Saturday, June 14, 2014

The Beauty in Criticism

I'm listening to 311 and a ginormous thunderstorm at the same time.  It's beautiful. 

I normally avoid 311 at night because it amps me up but I was feeling a need.  (If you don't know who 311 is, you need to stop reading this blog right now and listen to their music.  This is the current track I'm on: Strong All Along)

Anyway, back to why I sat down to write this blog in the first place.

I'm working on the revisions for book 3 of the DBS series (which has been retitled to Tectonic.  You'll understand when you read it.) and I'm still getting notes back from my betas. 

I love my betas.  All of them.  I love that they're not afraid to tell me the truth.  They're honest and thorough and I will be forever grateful.

When I was in high school, I had a Theater Coach who spent two weeks teaching us what it meant to "critique" each other.  Giving constructive criticism and also receiving it.  No one does anything perfect.  Ever.  It was our assignment to look for things our peers needed to work on and then tell them in a helpful way.  We also had to be able to listen when it was our turn to hear feedback.  Sometimes it was easy stuff like projection or enunciation.  Some things were harder to talk about and way harder to hear.  Like, character believability ("I'm sorry, I didn't believe you were alive.")

I feel like those two weeks were some of the most beneficial of my life.  Not only do I strive to give the best feedback I can to the couple of authors that I beta, but I appreciate receiving it so much more.

Let's be honest, it's hard to hear that your work is less than ideal.  We take it personally, we immediately get defensive and start coming up with excuses, reasons, and justifications for why they, the reader, misread/misunderstood our intentions.  Sometimes we attack back.  We talk down to their observations, rendering their opinion worthless.  Argue our points until they've fallen silent and finally back the hell off of our masterpiece.

But you know what happens when you do that?  You get dishonest answers.  People are afraid to tell you what they really think because they're afraid of how you'll respond.  And there you are, stuck with a mediocre, half-finished piece of crap that no one wants to read because you have a reputation for being "unreceptive."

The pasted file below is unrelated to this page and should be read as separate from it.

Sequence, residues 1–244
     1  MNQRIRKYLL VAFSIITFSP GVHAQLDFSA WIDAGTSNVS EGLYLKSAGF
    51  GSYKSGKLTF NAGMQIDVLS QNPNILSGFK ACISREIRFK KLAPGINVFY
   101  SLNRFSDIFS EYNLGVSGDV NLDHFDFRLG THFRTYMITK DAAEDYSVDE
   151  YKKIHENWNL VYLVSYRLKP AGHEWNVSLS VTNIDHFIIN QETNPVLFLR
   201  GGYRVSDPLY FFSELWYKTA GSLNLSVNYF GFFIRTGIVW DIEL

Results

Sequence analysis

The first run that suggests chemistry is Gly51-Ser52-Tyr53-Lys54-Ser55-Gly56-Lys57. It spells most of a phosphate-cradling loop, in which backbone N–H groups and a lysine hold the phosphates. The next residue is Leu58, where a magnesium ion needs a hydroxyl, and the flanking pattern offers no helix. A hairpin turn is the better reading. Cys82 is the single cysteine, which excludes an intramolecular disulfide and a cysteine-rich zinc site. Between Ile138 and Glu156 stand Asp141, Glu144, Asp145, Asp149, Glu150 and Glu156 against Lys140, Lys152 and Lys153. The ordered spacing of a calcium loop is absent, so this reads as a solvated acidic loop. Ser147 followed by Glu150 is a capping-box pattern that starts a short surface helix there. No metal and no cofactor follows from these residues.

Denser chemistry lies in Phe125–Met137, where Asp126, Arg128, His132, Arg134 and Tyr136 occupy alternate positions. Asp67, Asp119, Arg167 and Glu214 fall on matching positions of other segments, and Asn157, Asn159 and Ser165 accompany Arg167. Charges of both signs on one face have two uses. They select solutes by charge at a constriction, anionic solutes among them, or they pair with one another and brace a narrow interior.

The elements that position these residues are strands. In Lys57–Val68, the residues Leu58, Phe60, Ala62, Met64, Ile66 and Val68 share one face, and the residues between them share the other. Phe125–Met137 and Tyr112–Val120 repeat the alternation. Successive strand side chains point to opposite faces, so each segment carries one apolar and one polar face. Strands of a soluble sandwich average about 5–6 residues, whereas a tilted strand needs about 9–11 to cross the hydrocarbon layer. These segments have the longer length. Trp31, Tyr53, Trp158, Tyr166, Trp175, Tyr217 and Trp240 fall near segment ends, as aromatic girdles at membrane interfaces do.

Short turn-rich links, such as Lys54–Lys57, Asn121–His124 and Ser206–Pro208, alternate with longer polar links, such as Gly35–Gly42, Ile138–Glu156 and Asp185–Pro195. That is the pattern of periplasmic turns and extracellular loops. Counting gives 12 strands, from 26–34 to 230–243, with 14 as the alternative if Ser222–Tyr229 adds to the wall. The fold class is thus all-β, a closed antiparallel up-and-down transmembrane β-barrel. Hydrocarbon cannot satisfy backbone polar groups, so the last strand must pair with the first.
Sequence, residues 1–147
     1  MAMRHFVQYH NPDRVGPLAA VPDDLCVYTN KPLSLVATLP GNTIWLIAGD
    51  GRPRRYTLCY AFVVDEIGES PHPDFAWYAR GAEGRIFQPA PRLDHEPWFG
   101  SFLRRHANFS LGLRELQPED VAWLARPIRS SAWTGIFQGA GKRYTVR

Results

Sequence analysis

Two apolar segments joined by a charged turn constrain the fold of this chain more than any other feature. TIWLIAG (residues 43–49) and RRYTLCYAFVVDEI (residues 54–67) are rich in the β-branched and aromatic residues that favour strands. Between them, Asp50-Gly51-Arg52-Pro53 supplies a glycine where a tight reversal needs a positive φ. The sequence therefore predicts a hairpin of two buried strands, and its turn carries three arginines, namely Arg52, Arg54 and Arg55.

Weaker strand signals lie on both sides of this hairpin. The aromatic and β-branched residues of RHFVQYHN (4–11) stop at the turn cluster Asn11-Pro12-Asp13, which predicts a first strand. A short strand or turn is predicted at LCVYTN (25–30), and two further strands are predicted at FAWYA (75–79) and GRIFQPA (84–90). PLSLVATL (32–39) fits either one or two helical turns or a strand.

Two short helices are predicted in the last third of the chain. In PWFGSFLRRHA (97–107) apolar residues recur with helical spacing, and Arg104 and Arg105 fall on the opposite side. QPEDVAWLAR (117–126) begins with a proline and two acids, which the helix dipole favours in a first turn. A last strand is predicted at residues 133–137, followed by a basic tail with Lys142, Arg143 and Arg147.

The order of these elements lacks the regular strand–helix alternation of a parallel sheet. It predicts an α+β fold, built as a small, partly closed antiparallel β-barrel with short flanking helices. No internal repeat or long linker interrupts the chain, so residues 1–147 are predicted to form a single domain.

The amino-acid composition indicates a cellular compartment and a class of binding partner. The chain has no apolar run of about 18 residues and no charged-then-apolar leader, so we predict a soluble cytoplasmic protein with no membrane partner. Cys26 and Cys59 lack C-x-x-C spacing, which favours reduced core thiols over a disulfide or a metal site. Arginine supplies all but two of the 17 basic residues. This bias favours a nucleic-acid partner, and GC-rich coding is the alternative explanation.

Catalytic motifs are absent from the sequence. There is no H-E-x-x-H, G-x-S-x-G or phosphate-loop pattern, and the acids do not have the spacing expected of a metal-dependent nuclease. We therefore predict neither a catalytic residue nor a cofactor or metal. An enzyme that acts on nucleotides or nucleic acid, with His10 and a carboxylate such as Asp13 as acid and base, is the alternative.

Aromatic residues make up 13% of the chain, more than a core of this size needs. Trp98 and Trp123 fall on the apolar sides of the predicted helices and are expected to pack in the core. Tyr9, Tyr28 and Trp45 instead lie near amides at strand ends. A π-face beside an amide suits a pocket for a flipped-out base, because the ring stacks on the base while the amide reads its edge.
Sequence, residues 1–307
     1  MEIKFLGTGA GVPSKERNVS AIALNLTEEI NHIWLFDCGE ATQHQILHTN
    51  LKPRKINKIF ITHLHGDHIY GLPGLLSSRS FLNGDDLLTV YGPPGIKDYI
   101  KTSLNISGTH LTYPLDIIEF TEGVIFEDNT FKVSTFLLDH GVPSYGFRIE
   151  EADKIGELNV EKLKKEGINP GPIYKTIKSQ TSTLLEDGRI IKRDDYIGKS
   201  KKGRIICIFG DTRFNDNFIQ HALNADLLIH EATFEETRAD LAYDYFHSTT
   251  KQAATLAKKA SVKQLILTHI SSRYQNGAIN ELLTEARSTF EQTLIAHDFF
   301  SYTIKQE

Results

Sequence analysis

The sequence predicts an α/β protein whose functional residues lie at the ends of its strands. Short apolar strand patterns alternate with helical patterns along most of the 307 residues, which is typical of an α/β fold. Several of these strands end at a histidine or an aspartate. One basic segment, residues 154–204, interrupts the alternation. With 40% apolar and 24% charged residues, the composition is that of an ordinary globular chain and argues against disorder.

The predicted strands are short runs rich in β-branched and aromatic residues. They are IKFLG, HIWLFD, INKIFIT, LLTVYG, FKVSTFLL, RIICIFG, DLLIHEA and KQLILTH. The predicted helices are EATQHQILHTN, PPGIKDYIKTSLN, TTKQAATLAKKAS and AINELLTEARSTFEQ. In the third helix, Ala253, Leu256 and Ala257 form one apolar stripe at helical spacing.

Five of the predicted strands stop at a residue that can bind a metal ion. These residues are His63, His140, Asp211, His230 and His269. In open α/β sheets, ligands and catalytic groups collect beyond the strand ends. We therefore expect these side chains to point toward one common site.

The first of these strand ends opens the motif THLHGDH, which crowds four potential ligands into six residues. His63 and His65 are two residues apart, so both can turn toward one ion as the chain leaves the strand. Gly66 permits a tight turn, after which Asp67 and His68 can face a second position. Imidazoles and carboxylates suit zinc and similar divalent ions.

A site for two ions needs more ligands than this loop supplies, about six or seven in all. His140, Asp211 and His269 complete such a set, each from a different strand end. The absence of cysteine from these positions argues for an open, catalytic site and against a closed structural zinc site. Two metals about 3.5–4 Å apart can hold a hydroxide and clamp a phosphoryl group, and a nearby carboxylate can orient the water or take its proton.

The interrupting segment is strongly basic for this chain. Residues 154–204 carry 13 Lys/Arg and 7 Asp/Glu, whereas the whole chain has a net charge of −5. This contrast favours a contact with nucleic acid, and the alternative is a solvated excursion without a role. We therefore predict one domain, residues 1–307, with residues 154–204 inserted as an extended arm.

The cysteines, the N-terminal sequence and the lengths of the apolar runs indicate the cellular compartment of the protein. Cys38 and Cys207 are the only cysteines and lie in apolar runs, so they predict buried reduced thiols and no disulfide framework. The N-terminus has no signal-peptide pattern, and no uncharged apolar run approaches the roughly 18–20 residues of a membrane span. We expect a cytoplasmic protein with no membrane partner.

May I never be called that by my betas.

I need them.  Like you wouldn't believe.  Do they always tell me things I like to hear?  Um, no.  When I get the notification that I have a new message from one of my betas, I take a deep breath before I open it.  Then I read it four times before responding.  Sometimes I have to talk about it out loud with Cap to sort of help me see what they're saying.  They never cease to amaze me.  Always, always, always seeing things I never saw, receiving things I didn't intend, and showing me the glaringly huge flaws that I have no choice but to fix.

I don't want them to blow smoke up my skirt.  That won't help me.  That won't help the story.  Sure, it feels awesome to have them looooove the story, and tell me how great it is, and that I'm brilliant.  Who doesn't want to hear that?  But I have to have both sides.  The good and the bad.

I'm not a great writer and I know it.  But I'm really hoping that if I keep going, if I keep listening, if I stay "receptive," I might just get passed this side of sucking.

Which brings me back to 311.  Positivity.  Get some.  Because your rough draft is not good.  Neither is your second draft.  If people are willing to tell you that, be thankful.  Stay upbeat, stay on course.  You have a story in your heart that needs to be told, they're trying to help you tell it so that it comes out as beautifully as you know it's supposed to be.

"Don't be afraid, whatever you got—show,
flaunt your personality let 'em know..
."- 311

Tuesday, June 3, 2014

Midnight Diatribe: Taste the Bitter

I'm not sure I'm an idiot.

I mean, I know that obviously there are a few people who assume I am.

But I think they might be wrong.


I also don't think I'm the smartest person in the room.  In any room ever.  If I am in a room with only myself and my sister's cat, I'd bet that the cat is smarter than I am. 
This is Kitty.  She is regal

I have a high school education and I like to read a lot.  If I want to know more about something, I learn about it.  Researching is still cool, right?  I have more than a few years experience in a pizza restaurant, telling teenagers (and the occasional person older than me) what to do.  None of this leads me to believe that I'm going to go down in history as a great thinker. 

This is me.  I am not regal.

But guess what?  Still doesn't make me an idiot.

In fact, I have this theory that if we treated those around us with the kind of respect that suggest we assume they're intelligent and of worth, they would rise to the occasion.  I don't see anything wrong with assuming the group or individual I am speaking to, not only understands me, but probably has something to offer to the conversation.  Something I haven't thought of yet.  Something new I can learn.

So I really, really hate it when people treat me like less then they are.  Not my sister's cat.  I've come to expect that from Kitty, we have an understanding.  I don't enter her personal space and she lets me live.

Every time I get ignored and made to feel less than I am, I try to learn from it.  I try to make sure I take the next person who comes at me seriously.  I don't ignore them.  I would hate to make someone else feel like they were less than they are. 

People are important.  They should be treated that way.